At that time, we were all told, well, we’ll deal with long-term reform later. Right now we’ve got an emergency. We raised the same kind of questions in December, and we were told, well, the old administration’s leaving. Wait until the new administration comes in. New administration came in, and it was, well, we’re really busy putting out fires. We don’t have time for structural reform.
The longer you postpone that kind of structural reform, the more severe the problems will get and the deeper our financial mess will be. One of the important lessons we learned from the Japanese experience–as contrasted with our own experience of the S&Ls, or with the Swedish experience in their financial crisis–is that attempts to keep insolvent institutions alive artificially in the hope that someday, somewhere, things will turn around seems to lead to much more prolonged problems. Part of what a capitalist system does is to constantly reshuffle assets and capital from people who have demonstrated that they cannot manage those assets well to new hands–some of whom will be able to manage it better, some of whom will manage it worse. But that process of dynamic reshuffling is central to a well-functioning capitalist economy.
What these policymakers, in their wisdom, have done is to start down the same path that Japan did. Which is, hope like crazy that just by pushing this off for another six months or so, markets will recover and everything will be fine. I think it makes the problems much, much worse over the medium term. I don’t even mean the long term. I mean over the course of a year or two, it can make the problems really bad.
Preventing short-term disruptions by bailouts, I think, doesn’t even postpone the problem that long. That’s one of the things that these guys don’t seem to understand. They think, if we can just get by today with an appropriate bailout package, then it will be all right. And any critics are dismissed by saying, you’re not really close to the markets. You don’t understand the panic. You don’t understand the chaos that would result if we didn’t intervene.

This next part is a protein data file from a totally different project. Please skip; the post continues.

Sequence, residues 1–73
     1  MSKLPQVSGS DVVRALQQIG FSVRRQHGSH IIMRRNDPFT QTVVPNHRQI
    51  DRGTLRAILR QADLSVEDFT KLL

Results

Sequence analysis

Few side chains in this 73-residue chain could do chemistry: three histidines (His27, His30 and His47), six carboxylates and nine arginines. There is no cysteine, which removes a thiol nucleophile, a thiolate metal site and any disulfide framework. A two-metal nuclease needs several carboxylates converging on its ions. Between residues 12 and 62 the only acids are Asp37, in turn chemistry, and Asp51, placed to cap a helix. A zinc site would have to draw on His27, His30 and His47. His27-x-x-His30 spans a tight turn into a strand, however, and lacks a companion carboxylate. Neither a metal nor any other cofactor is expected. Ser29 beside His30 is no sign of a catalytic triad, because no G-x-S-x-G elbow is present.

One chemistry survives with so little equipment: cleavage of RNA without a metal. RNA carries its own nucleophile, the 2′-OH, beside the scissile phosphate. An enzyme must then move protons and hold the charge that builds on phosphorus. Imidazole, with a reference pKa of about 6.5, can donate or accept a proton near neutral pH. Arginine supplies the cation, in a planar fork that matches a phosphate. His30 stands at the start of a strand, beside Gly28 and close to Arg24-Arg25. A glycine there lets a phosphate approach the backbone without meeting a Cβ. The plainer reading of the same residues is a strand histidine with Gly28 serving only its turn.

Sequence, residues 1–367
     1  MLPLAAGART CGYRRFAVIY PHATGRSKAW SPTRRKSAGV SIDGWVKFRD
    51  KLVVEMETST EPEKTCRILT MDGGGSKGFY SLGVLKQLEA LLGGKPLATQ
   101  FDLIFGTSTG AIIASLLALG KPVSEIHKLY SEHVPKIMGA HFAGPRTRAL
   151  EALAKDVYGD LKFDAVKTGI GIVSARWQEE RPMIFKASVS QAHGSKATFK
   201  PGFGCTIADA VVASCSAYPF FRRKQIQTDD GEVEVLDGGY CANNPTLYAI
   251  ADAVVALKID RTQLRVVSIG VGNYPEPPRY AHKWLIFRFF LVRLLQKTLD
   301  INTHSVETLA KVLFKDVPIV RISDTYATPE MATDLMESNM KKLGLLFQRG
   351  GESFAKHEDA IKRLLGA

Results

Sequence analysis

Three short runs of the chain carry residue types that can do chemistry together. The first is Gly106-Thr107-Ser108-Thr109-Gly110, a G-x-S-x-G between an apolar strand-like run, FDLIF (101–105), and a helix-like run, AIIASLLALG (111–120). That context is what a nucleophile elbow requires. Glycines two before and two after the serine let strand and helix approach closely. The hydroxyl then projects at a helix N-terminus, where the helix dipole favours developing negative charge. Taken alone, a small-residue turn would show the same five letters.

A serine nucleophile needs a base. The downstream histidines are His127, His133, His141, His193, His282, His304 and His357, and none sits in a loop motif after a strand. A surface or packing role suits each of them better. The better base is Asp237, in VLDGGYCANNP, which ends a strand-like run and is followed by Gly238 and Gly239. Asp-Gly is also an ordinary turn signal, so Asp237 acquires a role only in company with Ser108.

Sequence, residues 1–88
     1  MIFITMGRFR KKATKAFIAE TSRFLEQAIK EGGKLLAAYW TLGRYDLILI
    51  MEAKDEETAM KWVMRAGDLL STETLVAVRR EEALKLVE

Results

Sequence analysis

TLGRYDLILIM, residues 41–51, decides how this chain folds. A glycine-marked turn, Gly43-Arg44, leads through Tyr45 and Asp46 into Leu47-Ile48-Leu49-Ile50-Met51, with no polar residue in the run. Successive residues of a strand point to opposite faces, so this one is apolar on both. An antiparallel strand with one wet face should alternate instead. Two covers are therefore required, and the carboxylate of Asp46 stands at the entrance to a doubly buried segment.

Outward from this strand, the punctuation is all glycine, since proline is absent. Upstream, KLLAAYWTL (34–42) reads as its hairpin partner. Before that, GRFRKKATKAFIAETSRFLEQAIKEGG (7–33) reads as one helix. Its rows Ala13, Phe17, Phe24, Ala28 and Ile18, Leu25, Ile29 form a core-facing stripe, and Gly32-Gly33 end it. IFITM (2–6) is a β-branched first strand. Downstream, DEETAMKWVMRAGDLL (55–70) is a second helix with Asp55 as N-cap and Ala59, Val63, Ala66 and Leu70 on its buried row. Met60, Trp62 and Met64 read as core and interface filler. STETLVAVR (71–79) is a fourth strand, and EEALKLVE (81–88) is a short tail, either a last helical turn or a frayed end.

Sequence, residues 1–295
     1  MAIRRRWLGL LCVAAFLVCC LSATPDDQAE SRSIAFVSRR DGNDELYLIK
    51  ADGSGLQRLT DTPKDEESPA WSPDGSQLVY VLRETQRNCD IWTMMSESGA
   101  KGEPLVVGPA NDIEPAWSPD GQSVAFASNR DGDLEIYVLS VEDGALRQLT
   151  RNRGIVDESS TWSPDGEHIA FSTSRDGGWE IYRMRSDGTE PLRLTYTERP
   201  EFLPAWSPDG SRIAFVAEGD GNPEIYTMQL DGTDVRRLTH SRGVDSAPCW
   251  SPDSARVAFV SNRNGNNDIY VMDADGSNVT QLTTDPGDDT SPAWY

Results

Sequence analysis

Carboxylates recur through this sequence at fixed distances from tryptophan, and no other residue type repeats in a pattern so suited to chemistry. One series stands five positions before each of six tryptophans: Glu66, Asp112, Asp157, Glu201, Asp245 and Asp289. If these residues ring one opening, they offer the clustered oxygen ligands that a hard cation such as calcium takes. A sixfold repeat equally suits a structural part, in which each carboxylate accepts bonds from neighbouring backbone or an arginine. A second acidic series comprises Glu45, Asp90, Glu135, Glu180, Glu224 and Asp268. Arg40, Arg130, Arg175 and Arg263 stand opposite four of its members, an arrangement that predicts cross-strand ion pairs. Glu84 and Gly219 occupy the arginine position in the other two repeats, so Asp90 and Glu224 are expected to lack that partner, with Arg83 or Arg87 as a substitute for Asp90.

And I guess my response is, look at what the financial system does. Severe disruptions over the course of a week or two weeks or even a month are things the economy can take. What it cannot take is assets in the hands of people who have demonstrated their inability to manage those assets.
SP: What you’re advocating as the “take your medicine now” appeal of bankruptcy sounds like what a lot of economists are saying about nationalization. What’s the practical difference between those approaches?
Chari: The important thing about bankruptcy, and these kinds of proposals–let me start with some basics, actually. The basics are very simple. For a large number of financial institutions, what has happened is that the market value of their assets is less than the accounting value of their liabilities. They owe more money than the value of the assets they have on their balance sheet.
This is simple arithmetic: Somebody has to take the hit. This is confronting basic economic reality. Somebody has to reconcile the two sides of the balance sheet. It can either be taxpayers, through the injection of public funds on the asset side of the balance sheet, or it can be the liability holders–the debt holders–who bear some of that hit.
What are the costs and benefits of having the taxpayers cough up? Quite apart from the distributional issues–why should some poor taxpayer in Kansas City have to bail out some rich fat cat on Wall Street?–the problem is that if debt holders become convinced that they will be bailed out every single time, their incentives to monitor what the banks are doing are diminished greatly. So you lose market discipline. Losing that market discipline means that the smart thing for managers of financial institutions to do is to take on lots more risk. Because the debt holders don’t care, the shareholders will benefit, and the taxpayers will be left holding the bag.
So this moral hazard, this too-big-to-fail problem, sets the stage for recurring financial crises. That’s the problem. And so what you do by bailing out an individual bank today is avoid the short-term pain, but inflict on yourself the longer-term pain that the likelihood of financial crises is going up sharply and you’re going to be in this mess for a long time.